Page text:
The Conjecture of Hadwiger implies that the Hadwiger number $h$ times the independence number $\alpha$ of a graph is at least the number of vertices $n$ of the graph. In 1982 Duchet and Meyniel proved a weak version of the inequality, replacing the independence number $\alpha$ by $2\alpha-1$, that is, $$(2\alpha-1)\cdot h \geq n.$$ In 2005 Kawarabayashi, Plummer and the second author published an improvement of the theorem, replacing $2\alpha - 1$ by $2\alpha - 3/2$ when $\alpha$ is at least 3. Since then a further improvement by Kawarabayashi and Song has been obtained, replacing $2\alpha - 1$ by $2\alpha - 2$ when $\alpha$ is at least 3. In this paper a basic elementary extension of the Theorem of Duchet and Meyniel is presented. This may be of help to avoid dealing with basic cases when looking for more substantial improvements. The main unsolved problem (due to Seymour) is to improve, even just slightly, the theorem of Duchet and Meyniel in the case when the independence number $\alpha$ is equal to 2. The case $\alpha = 2$ of Hadwiger's Conjecture was first pointed out by Mader as an interesting special case.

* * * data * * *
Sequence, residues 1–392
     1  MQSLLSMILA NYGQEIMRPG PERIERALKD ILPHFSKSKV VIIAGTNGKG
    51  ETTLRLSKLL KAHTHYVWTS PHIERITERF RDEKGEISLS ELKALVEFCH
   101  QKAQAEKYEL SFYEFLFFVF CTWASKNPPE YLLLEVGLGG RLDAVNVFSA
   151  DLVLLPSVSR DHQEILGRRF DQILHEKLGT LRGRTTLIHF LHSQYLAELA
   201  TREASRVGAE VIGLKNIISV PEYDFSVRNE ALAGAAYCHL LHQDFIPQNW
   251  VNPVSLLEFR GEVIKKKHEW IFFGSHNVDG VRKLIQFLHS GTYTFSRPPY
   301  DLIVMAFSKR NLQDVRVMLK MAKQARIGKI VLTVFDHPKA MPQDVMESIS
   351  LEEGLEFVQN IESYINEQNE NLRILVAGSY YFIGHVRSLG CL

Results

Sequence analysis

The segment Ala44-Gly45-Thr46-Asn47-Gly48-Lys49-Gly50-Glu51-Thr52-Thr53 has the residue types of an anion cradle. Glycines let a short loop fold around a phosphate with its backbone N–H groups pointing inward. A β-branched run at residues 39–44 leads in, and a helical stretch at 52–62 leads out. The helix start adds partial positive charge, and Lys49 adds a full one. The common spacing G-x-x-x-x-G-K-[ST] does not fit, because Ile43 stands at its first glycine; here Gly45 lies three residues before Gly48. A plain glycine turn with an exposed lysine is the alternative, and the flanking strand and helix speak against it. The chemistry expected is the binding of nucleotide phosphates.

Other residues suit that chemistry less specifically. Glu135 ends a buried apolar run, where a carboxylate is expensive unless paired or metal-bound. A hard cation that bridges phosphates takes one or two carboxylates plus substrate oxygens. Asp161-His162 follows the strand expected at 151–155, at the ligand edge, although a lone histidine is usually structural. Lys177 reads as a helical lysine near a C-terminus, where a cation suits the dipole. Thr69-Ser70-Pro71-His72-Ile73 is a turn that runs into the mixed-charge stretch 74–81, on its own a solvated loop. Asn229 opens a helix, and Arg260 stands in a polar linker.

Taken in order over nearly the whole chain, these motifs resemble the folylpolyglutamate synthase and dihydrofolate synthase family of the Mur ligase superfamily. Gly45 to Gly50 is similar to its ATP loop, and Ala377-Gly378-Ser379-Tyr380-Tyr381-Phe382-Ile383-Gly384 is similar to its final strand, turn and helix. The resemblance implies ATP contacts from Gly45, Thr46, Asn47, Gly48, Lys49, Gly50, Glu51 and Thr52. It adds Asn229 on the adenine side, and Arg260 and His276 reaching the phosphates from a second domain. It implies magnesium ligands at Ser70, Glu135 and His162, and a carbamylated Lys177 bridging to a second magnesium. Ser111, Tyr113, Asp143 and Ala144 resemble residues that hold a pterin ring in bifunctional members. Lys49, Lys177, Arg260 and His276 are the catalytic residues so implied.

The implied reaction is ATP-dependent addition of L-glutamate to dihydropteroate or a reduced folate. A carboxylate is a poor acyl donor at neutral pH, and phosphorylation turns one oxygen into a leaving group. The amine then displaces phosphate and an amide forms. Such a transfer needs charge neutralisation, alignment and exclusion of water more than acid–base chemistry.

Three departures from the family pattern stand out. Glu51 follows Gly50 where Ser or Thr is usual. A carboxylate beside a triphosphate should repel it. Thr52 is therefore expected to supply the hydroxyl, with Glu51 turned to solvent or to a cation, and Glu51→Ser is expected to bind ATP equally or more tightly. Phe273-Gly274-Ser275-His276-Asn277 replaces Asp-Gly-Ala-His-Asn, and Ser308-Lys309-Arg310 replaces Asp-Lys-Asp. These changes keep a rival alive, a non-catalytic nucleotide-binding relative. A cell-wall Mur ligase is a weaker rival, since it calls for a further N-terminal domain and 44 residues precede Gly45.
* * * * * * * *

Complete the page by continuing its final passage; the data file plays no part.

Discrete Mathematics, 2010, Vol 310, Issue 3, p. 480-488